When I finally convinced him that I really, truly, actually, for real was NOT going to mes around with his snake-tongued face, he said something horrible.

“Are you on your menstruation?”

The only reason he could imagine I wouldn’t want to feel his tiny hands or creepy tongue all over me was that I was on my period.  This yucky, creepy question was the last straw.  I slapped him across the face and told him to get real far, real fast.  He ran away.  He was a gross asshole.

This is, by far, the worst thing I’ve heard in response to rejection.  Never, never bring up a woman’s menstruation.

Side note:

He showed up at my apartment building the next day, calling me repeatedly (with a number he got from my friends), and begging to go on a date.  He also told me he lied about his age (he was younger) and he boasted his virginity.  I did not pick up the phone or see him again.

I’ve Been Too Hard on “Skinny”

A while ago, I wrote a post about how amazing Beyonce’s thighs are, which remains indisputable.

However, what I also did in that post was talk about thin, skinny, little thighs as “unnatural” and less than ideal.  That’s not fair either.

I do think that glorifying unhealthy weight – on either end of the spectrum – is dangerous.  It is dangerous to glorify being so thin that for most people to achieve it, they would have to starve themselves.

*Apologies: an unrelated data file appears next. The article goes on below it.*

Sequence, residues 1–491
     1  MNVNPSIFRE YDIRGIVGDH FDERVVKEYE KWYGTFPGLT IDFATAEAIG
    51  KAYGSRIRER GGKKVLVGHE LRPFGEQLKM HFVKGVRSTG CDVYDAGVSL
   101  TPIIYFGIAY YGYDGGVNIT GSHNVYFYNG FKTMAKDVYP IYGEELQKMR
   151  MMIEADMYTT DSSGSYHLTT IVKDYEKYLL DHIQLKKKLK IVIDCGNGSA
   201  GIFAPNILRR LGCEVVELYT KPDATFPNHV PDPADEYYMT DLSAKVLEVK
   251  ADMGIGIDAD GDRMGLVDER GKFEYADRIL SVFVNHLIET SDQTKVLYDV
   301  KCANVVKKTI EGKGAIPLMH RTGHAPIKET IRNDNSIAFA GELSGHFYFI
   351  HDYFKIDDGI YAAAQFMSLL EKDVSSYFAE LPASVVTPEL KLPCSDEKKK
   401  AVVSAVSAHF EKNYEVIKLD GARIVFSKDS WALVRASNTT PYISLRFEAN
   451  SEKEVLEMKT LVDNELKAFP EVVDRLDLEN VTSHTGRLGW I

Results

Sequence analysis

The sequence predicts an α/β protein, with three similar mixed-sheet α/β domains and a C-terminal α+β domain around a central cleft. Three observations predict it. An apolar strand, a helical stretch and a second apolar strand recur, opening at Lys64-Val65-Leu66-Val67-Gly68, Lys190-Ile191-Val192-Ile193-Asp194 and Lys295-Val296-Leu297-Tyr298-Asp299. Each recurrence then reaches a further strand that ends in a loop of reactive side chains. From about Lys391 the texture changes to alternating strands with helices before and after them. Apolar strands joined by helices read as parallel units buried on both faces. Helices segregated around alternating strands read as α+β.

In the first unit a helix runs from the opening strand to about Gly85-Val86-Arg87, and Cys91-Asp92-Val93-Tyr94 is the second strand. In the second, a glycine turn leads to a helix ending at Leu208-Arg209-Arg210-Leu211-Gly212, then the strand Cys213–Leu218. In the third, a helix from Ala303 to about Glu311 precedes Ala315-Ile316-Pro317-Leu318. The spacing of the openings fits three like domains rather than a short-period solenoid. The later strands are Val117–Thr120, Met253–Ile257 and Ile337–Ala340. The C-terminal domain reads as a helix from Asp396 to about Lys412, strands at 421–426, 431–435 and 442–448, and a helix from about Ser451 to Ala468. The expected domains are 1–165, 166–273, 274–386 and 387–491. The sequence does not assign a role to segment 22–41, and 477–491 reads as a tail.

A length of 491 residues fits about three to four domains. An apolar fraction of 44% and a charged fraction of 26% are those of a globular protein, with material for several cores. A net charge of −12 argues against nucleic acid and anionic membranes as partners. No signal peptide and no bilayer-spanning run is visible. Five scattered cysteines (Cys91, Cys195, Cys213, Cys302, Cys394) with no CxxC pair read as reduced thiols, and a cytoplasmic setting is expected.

Thin thighs are not “unacceptable,” “horrible,” nor are they somehow inherently “bad.”  It is not bad to be a thin person.  No one is a villain simply having thin thighs.

What is bad and scary, then?

It is bad and scary to push a body to extremes.  It is bad to glorify thinness above all else.  It is bad to glorify unhealthy habits that push people into unhealthy weights.  Just as a person can be too fat, a person can be too thin.  Both are bad.  The thing, not a lot of people are striving to be fat.  A lot of people are spending their days and nights obsessing over being thin at any price.  A lot of people have blogs and tumblrs devoted to “thinspo” with all kinds of ways to get skinny.  There are too many little girls and women out there who hurt themselves to achieve a level of thin that is not healthy for them.

That said, making thin women the villain is wrong.

Thin women just so happen to be thin.  Many people want to be thin, and that’s okay.  But wanting to be thin, or wanting to have Beyonce’s thighs, at any cost… that’s scary.

Also, Beyonce is amazing.

Bodies should be allowed to be as they are.  When society pressures us to go against our bodies, society is wrong.  Love your thighs.  Even if they chaff and wiggle.  Even if they’ve never touched.